- Fast-Growing Florida Hedges
- Golden Bamboo
- Japanese Privet
- Need to screen off your neighbors? Here’s how to grow a green privacy barrier | Miami Herald
- Large Shrubs
- Zone 9 Hedges – Growing Hedges In Zone 9 Landscapes
- Zone 9 Screen Plants and Hedges
- What Matters Most
- Shrub Choices: Small Leaves
- Shrub Choices: Needled Evergreen
- Shrub Choices: Large Leaves 1″ to 3″
- Ligustrum vs. Ficus Hedge. Can you Tell the Difference?
Fast-Growing Florida Hedges
Isolated hedge image by Pamela Uyttendaele from <a href=’http://www.fotolia.com’>Fotolia.com</a>
Gardeners in the sunny state of Florida are envied for their selection of plants, as the warm weather of the region promotes vigorous growth from a vast number of species. Florida gardeners who are looking for fast-growing hedges have a wide selection of attractive hedge plants to choose from.
Reaching an average height of about 5 feet, golden bamboo (Pleioblastus viridistriatus) is a showy shrub notable for its pointed, variegated golden and green leaves. The striking plant is lovely as a naturalized, exotic hedge, and like most bamboo species, golden bamboo is a quick grower. The plant will grow throughout the entire state of Florida, from 8A in northern Florida all the way down to zone 11 in the southern tip of the state. Golden bamboo does best in fertile, well-draining soil that’s enhanced with organic matter. The plant will tolerate both sun and partial shade so long as its watered frequently. Golden bamboo can spread rapidly if not monitored, so consider using underground barriers.
Pittosporum (Pittosporum cvs.) is fast growing shrub notable for its tightly packed clusters of green leaves. The plant reaches an average height of between 8 and 12 feet, with an even wider spread. Pittosporum boasts fragrant, crisp white flowers in the spring. Pittosporum is an excellent shrub for Florida, as it has a high saline tolerance and will grow throughout the state in USDA zones 8 to 11. The shrub should be grown in full sunlight for best results, but the plant will also tolerant partial shade. Plant pittosporum in a well-draining sandy loam that is slightly alkaline to acidic, and water occasionally during summer droughts.
A member of the olive family, Japanese privet (Ligustrum japonicum) is a large shrub or small tree that responds well to pruning and can be trimmed into a formal, clean-cut hedge. The fast-growing shrub sports dark green or variegated yellow and green leaves accented by white, spring-blooming flowers. The shrub is tolerant of a range of soil conditions, and will grow in full sun or partial shade. Japanese privet is suitable for all of Florida except for the very southern tip in USDA zones 11. The shrub requires little care, though it should be watered frequently to keep the soil moist.
Need to screen off your neighbors? Here’s how to grow a green privacy barrier | Miami Herald
Bambusa vulgaris ‘Wamin,’ common bamboo, is anything but common. Kenneth Setzer Fairchild Tropical Botanic Garden
Bambusa vulgaris — common bamboo — is a fast-growing, clumping bamboo, and has been cultivated into some wild forms lest it become too common. The rhizomes spread horizontally at a very slow rate, so won’t invade. Planted along (but not directly against) a fence, bamboo will grow tall with lower parts unbranched. The foliage should become denser up high, thus providing privacy where your fence ends. This also blocks unwanted light from passing cars and other activity.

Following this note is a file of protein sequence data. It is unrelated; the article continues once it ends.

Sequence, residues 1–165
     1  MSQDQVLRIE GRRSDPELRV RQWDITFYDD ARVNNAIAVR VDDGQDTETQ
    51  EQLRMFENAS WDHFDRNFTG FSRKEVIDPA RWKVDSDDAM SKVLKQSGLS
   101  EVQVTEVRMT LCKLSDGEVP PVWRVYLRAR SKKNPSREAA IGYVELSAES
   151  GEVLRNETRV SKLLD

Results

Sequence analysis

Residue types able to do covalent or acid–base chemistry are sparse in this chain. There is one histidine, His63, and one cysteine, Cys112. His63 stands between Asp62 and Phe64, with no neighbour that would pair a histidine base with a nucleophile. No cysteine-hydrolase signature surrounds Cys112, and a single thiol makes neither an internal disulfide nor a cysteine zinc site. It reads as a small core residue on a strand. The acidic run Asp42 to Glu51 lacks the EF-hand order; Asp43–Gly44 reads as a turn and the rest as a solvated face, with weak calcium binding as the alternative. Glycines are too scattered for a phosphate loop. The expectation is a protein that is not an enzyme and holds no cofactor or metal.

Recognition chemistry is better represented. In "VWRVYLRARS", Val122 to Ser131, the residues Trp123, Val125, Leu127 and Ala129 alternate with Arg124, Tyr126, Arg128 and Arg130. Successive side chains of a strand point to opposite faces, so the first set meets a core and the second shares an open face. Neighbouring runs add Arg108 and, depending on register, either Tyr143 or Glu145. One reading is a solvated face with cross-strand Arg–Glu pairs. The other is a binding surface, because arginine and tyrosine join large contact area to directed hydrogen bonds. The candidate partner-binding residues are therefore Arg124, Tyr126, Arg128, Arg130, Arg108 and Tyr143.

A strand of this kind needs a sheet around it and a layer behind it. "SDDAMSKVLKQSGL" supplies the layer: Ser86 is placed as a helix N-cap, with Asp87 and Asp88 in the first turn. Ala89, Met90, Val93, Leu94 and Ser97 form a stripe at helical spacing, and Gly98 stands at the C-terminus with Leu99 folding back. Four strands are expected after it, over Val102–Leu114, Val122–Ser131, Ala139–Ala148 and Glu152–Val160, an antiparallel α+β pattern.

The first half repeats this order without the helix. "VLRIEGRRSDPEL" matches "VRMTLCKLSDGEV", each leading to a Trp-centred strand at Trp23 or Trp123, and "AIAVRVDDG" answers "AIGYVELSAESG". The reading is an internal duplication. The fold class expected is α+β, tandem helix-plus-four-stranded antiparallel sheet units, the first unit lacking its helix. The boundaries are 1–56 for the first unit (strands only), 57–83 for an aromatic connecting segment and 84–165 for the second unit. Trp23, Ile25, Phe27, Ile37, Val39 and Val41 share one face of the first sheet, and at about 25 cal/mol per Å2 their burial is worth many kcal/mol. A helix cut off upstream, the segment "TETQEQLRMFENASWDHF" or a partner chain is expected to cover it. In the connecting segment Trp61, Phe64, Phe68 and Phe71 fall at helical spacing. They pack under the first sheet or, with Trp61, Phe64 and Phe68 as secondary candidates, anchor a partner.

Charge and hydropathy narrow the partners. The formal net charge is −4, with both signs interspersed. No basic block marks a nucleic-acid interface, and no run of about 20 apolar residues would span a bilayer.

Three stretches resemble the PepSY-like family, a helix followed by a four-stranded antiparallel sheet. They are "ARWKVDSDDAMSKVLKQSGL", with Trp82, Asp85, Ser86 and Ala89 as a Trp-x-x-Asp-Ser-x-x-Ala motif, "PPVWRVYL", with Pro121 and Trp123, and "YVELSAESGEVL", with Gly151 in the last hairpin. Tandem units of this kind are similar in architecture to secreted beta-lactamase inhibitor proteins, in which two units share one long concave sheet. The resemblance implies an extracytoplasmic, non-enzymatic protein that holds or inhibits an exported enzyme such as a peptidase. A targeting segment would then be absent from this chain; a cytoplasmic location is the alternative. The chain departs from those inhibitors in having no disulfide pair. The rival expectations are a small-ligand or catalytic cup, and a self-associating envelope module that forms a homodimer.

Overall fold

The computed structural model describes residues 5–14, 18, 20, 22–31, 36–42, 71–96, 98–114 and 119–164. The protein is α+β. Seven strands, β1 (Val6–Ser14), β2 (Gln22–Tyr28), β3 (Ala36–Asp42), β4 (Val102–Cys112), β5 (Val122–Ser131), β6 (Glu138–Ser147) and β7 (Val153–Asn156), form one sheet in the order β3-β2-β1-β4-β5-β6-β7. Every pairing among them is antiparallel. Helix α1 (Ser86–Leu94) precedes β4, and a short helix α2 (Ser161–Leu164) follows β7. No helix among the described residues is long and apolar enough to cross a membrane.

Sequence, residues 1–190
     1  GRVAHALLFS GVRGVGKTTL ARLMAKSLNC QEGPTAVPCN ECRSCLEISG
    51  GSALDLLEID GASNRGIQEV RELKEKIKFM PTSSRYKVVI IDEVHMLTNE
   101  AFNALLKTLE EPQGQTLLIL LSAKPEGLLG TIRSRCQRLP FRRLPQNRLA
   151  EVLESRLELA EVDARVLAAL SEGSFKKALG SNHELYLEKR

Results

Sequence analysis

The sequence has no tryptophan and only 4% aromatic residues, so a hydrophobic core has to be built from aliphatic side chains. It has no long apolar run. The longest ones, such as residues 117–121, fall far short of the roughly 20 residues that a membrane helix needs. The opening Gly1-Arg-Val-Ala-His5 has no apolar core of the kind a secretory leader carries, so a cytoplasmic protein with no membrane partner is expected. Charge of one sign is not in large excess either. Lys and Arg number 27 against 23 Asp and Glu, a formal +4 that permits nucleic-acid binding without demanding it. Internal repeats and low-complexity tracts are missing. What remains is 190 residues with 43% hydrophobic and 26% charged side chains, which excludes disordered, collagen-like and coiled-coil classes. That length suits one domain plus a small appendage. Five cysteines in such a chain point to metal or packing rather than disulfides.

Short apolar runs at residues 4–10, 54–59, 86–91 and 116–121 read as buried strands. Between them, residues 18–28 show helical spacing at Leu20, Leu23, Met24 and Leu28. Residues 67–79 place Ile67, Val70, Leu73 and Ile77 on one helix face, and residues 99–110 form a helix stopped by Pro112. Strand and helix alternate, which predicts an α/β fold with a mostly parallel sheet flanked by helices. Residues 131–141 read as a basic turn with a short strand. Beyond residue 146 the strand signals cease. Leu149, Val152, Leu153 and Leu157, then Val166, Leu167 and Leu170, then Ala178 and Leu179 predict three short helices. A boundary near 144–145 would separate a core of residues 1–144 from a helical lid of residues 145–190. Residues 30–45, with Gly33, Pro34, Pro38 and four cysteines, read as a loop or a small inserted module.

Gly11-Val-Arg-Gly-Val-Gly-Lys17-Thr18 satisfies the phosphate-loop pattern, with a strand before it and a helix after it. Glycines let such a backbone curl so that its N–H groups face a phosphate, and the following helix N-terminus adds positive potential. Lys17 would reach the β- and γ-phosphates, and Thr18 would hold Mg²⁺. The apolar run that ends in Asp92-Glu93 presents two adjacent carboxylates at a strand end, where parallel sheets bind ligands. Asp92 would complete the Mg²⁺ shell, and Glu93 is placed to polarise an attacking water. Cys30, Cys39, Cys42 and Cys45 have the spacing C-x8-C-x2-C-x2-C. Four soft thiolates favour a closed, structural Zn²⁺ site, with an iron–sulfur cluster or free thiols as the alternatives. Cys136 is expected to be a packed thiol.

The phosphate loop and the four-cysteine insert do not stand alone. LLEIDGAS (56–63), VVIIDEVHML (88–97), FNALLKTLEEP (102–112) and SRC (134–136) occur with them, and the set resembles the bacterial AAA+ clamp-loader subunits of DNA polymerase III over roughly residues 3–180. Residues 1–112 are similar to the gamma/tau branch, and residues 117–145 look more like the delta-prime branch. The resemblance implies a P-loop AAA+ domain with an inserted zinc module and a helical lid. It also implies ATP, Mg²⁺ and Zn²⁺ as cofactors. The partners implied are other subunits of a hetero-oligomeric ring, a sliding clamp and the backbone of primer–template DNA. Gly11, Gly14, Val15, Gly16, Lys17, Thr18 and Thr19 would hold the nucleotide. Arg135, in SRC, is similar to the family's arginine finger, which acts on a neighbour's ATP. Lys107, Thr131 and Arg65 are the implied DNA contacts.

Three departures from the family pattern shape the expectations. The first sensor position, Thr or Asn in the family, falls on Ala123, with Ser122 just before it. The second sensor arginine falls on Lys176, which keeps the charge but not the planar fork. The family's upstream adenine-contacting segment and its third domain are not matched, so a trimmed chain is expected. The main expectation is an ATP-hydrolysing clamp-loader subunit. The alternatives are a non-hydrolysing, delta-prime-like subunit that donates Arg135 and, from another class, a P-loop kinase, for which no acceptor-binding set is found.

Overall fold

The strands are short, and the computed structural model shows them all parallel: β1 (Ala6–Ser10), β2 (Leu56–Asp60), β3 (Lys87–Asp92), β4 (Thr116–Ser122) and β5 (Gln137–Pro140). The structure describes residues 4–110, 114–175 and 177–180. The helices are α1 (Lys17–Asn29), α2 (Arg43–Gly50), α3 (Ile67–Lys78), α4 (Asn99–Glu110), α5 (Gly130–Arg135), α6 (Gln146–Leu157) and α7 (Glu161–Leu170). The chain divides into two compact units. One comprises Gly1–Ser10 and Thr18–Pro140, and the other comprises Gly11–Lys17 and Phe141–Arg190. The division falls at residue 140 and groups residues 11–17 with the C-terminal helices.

Fairchild has an extensive bamboo collection for you to judge them for yourself. Bambusa textilis var. Gracilis is another nice option with thinner stems nicely suited to a narrow garden area. Both bamboos prefer full sun to partial shade.
If your living situation is less permanent and you don’t want to dig, or for apartments and efficiencies, consider hanging potted plants with a trailing habit onto a trellis or fence for a moveable privacy barrier or create a vertical bromeliad wall — hmm, maybe this is a decent topic for another column.
Kenneth Setzer is writer and editor at Fairchild Tropical Botanic Garden.
Large shrubs of over 6 feet are a versatile group of plants with many different looks – a tropical accent, a beautiful flowering plant, or dense green foliage for privacy.
Best used in more expansive areas or with larger or taller homes, South Florida’s bigger plants have many different looks and uses.
They can be used individually as the star of the show or grouped as full, lush shrubs for hedges.
Some of the tall shrubs in this section are also available in tree form, and they’re covered in the Plant Pages within the Small Flowering Trees and Accent Trees sections.
The Plant Pages will link each shrub to its tree-form page so you can see both possibilities.
Landscape uses for larger shrubs
- tall hedge plants
- backdrop for medium-height shrubs
- large accent plant in the garden
- blocking a neighboring spotlight or street light
- to create privacy from second story neighbors
- grouped as a windbreak or noise reduction planting
- to fill in a large garden space or a corner of the yard
- in a row along the back property line
- between tall palms or pine trees
- as privacy for a patio “enclosure”
- as a focal point in the center of a circular drive
- single specimen plant in the yard
- to draw attention to an architectural element of the house
- lined up to create a visual pathway to a focal point
- on each side of the entrance to the driveway
These plants can get very big. Many in this section grow wide as well as tall, and as hedge shrubs may go well beyond a comfortable trimming height.
A yearly hard pruning can keep things under control. See the Plant Trimming page in the Gardening How-To section for pruning and trimming info.
And each of the individual Plant Pages will give you trimming specifics and suggestions.
Just be prepared for the ultimate mature size of the plant you choose, and pick a spot for it that allows enough space for growth.
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- Large Shrubs
Zone 9 Hedges – Growing Hedges In Zone 9 Landscapes
Zone 9 hedges serve a variety of useful purposes in the garden. They establish a natural boundary, create a feeling of privacy, serve as a windbreak and reduce noise in busy areas. Some hedges provide shelter for wildlife and berries that sustain songbirds when food is scarce during the winter. Due the mild winters, selecting hedge plants for zone 9 isn’t difficult. However, some shrubs prefer chilly winters in more northern climates and don’t do well in hot summer temperatures. Read on for tips in selecting hedges in zone 9.